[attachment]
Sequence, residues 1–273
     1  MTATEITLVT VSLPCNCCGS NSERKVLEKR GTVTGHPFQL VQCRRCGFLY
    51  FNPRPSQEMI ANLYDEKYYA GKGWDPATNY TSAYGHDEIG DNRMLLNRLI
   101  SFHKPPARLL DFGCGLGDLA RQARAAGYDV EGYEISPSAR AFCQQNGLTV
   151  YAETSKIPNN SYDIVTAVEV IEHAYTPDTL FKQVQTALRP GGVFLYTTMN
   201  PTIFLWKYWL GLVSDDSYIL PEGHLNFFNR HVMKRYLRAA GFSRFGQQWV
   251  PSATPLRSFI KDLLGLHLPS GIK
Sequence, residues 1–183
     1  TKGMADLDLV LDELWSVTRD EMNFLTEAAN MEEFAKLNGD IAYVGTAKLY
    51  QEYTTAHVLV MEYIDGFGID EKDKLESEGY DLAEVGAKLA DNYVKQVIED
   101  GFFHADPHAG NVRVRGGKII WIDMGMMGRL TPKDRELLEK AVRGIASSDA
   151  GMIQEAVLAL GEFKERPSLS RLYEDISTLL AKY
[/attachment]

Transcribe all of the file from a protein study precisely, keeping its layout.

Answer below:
Sequence, residues 1–273
     1  MTATEITLVT VSLPCNCCGS NSERKVLEKR GTVTGHPFQL VQCRRCGFLY
    51  FNPRPSQEMI ANLYDEKYYA GKGWDPATNY TSAYGHDEIG DNRMLLNRLI
   101  SFHKPPARLL DFGCGLGDLA RQARAAGYDV EGYEISPSAR AFCQQNGLTV
   151  YAETSKIPNN SYDIVTAVEV IEHAYTPDTL FKQVQTALRP GGVFLYTTMN
   201  PTIFLWKYWL GLVSDDSYIL PEGHLNFFNR HVMKRYLRAA GFSRFGQQWV
   251  PSATPLRSFI KDLLGLHLPS GIK
Sequence, residues 1–183
     1  TKGMADLDLV LDELWSVTRD EMNFLTEAAN MEEFAKLNGD IAYVGTAKLY
    51  QEYTTAHVLV MEYIDGFGID EKDKLESEGY DLAEVGAKLA DNYVKQVIED
   101  GFFHADPHAG NVRVRGGKII WIDMGMMGRL TPKDRELLEK AVRGIASSDA
   151  GMIQEAVLAL GEFKERPSLS RLYEDISTLL AKY